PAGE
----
A Closer Look at the Go-Go Phase of Retirement: Celebration or Fear?
For those of you looking enviously to retirement, it certainly can be a life imagined – where one leaves the daily grind— no appointments to keep or deadlines to meet and demands on one’s time are few and far between. It’s time for them to slow down, kick back and fill all the idle time with their heart’s desire. But today, Boomers and Seniors are staying healthy and living longer – which is great news. This means one could realistically spend 30 or more years in retirement and needs the financial means to do so. Although it is easy to conclude each day in retirement is just like the next, in reality it’s not. Author, Michael K. Stein in his book, “The Prosperous Retirement: Guide to the New Reality”, wrote there are three distinct phases of retirement and aptly named them: the “GO GO Phase”, “SLOW GO Phase” and the “NO GO Phase”. These catchy labels contrast how the behavior of today’s retirees differ from preceding generations. Each of these phases has its own financial implications and impact upon overall retirement planning.
Boomers and Seniors have enjoyed economic prosperity and social freedoms growing up in post-World War II America. They’ve attained a standard of living and a lifestyle they are now unwilling to compromise. Why? During the 70’s, another author Tom Wolfe coined the phrase the “Me Generation” to describe the narcissism of those who would later be called “Baby Boomers”. This “self-indulgence”, coupled with good health and a full “bucket list” has given rise to the “Go Go Phase” of retirement. Thus, the “Go Go Phase” includes all manner of activities that were always planned but postponed while being tied to a job and a growing family. This includes: entertaining, new hobbies and travel but it may also mean going back to school or starting a new career. These life enriching activities come at a cost to their “nest egg”.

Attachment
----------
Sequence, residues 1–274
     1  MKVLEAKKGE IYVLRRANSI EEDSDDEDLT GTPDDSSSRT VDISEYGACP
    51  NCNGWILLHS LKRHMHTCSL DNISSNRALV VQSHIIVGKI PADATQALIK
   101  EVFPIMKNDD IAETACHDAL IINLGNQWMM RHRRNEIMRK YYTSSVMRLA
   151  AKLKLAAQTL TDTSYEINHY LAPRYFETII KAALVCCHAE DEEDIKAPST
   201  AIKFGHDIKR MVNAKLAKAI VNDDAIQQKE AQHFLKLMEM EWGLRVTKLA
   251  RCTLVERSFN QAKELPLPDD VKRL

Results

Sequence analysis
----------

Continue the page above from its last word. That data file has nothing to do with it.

Many Boomers and Seniors I counsel fail to grasp what it will take to have a “successful retirement”. By “successful retirement” I mean one that is free from the stress and worry about out-living their money. It is clear people will spend more in the “Go Go Phase” perhaps more than when they were drawing a paycheck. Unfortunately, what further exacerbates the situation is the “Go Go Phase” comes early in retirement and therefore withdrawals from the “nest egg” has an extreme impact over the long term. It’s not just a dollar spent today, but it comes at the cost of what that dollar will have earned if left invested for ten or twenty years. So it’s great for Boomers and Seniors to make the most of the “Go Go Phase” of their retirement, but excessive spending without a great deal of prior planning will prove to be unwise – if not disastrous.